Bicyclists using locks, websites to deter thieves in Center City

July 11, 2013 8:17:58 PM PDT
The wheels of justice are turning in the theft of a bike this past December in South Philadelphia.

And it turns out the crime may have been solved and the bike recovered by using social media.

Everywhere you look in busy parts of Center City Philadelphia, bicycles are locked up.

"My sister just had hers stolen from work," said Justin Jiunci of Fairmount.

"The last time my bike was stolen, it was locked up," said Chris Scarpa of Collingswood, N.J.

In December a green and black Cannondale bike was stolen. The owner posted it missing on the Philadelphia Stolen Bikes Facebook page.

One of the other group members spotted the bike on Craigslist Monday, the owner contacted police, and investigators were able to get the bike back for her this week.

If you want to be able to get back a bike that's been stolen, there is some information you'll need have about it: the serial number, make, model and color.

It's also a good idea to take a good picture of you and the bike.

To find the bike's serial number, turn it upside down.

The number is "stamped underneath the frame into the paint, underneath the cranks and pedals," said Montana Norvell of Breakaway Bikes.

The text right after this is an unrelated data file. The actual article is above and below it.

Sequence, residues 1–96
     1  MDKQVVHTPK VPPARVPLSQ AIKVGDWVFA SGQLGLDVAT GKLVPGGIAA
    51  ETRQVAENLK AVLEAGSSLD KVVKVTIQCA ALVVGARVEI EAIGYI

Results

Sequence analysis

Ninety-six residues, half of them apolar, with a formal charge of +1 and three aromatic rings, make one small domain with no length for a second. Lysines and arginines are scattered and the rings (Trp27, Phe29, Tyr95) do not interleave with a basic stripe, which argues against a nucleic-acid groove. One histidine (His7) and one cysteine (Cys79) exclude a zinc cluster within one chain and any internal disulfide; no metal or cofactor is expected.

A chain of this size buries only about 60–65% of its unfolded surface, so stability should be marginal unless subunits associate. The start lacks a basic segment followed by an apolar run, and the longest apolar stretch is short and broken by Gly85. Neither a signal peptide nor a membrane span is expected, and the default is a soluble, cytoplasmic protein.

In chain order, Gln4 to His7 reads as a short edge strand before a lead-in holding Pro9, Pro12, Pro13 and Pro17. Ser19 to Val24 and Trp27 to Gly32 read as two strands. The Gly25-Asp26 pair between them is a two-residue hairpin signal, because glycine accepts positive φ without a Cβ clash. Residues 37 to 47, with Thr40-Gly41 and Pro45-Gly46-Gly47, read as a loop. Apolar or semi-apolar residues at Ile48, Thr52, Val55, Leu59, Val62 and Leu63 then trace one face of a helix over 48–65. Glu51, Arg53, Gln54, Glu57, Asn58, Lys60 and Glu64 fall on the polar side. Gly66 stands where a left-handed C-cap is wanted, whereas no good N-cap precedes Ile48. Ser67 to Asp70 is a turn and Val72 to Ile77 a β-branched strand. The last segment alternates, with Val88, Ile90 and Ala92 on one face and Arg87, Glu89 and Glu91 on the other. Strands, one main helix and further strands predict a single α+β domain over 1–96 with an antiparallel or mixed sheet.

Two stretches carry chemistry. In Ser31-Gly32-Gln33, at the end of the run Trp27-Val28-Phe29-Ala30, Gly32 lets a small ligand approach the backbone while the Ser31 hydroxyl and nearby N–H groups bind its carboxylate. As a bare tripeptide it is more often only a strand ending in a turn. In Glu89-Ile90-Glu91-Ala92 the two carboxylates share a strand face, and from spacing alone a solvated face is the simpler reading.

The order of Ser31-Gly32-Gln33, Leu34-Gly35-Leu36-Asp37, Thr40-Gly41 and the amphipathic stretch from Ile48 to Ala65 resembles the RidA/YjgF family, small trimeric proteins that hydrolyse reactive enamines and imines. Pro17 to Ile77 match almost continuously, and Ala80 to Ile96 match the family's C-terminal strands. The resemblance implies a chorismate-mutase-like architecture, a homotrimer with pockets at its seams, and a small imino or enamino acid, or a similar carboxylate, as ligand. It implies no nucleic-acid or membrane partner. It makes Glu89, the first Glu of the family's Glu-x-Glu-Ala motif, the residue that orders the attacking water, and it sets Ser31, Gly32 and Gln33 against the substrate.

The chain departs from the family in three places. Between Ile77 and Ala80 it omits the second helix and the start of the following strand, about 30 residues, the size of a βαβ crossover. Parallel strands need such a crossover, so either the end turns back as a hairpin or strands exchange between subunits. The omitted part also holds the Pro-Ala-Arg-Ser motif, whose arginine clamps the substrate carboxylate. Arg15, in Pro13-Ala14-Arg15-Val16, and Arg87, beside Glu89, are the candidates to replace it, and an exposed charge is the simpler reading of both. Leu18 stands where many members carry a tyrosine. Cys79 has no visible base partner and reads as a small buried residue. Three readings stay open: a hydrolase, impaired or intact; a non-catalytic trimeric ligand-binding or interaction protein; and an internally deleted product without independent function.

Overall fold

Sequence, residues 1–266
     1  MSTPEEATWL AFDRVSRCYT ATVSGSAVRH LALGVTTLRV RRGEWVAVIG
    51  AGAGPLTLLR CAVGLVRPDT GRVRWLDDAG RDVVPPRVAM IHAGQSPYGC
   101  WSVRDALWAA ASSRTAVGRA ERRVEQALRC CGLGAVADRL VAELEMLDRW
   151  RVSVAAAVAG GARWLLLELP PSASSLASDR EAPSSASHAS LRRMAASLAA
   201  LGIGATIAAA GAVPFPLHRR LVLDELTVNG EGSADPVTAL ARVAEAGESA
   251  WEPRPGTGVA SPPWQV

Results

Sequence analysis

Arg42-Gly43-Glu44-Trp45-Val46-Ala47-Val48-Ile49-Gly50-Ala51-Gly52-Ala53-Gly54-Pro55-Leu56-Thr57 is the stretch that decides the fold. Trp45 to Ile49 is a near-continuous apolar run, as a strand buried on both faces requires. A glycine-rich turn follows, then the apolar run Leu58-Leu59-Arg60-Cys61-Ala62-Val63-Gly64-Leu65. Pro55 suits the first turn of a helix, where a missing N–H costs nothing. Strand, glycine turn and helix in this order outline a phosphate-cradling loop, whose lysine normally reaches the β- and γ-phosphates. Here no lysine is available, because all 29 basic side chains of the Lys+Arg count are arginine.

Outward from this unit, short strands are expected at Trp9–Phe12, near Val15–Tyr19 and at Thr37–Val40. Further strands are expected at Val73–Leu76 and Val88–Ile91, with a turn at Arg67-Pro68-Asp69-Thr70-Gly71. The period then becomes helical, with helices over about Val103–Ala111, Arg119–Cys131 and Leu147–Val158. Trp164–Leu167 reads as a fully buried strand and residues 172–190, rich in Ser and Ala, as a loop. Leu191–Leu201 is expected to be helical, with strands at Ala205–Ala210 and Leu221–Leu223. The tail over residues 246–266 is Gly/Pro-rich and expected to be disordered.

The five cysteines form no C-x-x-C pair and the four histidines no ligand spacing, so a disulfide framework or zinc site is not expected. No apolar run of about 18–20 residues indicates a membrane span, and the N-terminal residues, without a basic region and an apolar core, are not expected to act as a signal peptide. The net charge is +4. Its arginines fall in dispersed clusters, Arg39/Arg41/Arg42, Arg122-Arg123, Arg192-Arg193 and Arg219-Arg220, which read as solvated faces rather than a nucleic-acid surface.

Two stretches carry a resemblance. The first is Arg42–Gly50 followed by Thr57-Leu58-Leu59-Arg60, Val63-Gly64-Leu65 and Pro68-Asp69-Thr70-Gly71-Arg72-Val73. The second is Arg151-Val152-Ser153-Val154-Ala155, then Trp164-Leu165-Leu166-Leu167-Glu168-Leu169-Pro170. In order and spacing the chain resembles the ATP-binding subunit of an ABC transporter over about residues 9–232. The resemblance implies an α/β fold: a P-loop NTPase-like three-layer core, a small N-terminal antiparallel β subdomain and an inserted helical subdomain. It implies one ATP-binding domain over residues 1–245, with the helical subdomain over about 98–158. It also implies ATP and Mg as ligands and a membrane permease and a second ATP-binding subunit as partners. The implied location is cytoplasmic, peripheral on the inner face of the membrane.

Most riders lock their bikes up, but it's important how you do it.

"Ideally you want to secure the frame and the wheels as well, because people will take your wheels. They'll take anything off your bike they can," said Norvell.

Norvell suggests putting a cable through the front wheel and looping it a heavy-duty U lock.

"When you go to put the U lock through your bike, you want to make sure . . . you only need to get a couple of spokes on the rear wheel. The rim is great, too. Just enough to make sure they can't pull the rear wheel out of the bike," said Norvell.

Bike riders say even with a good lock they still worry.

"Even if I run into a store real quick to grab something, I'll look out the window the whole time just to make sure it's there," said Rachel Mohrman of West Philadelphia.

"I got a better lock," said Scarpa. "Hopefully this works better than the last one."

It's a small effort that can help in a big way. nto a store


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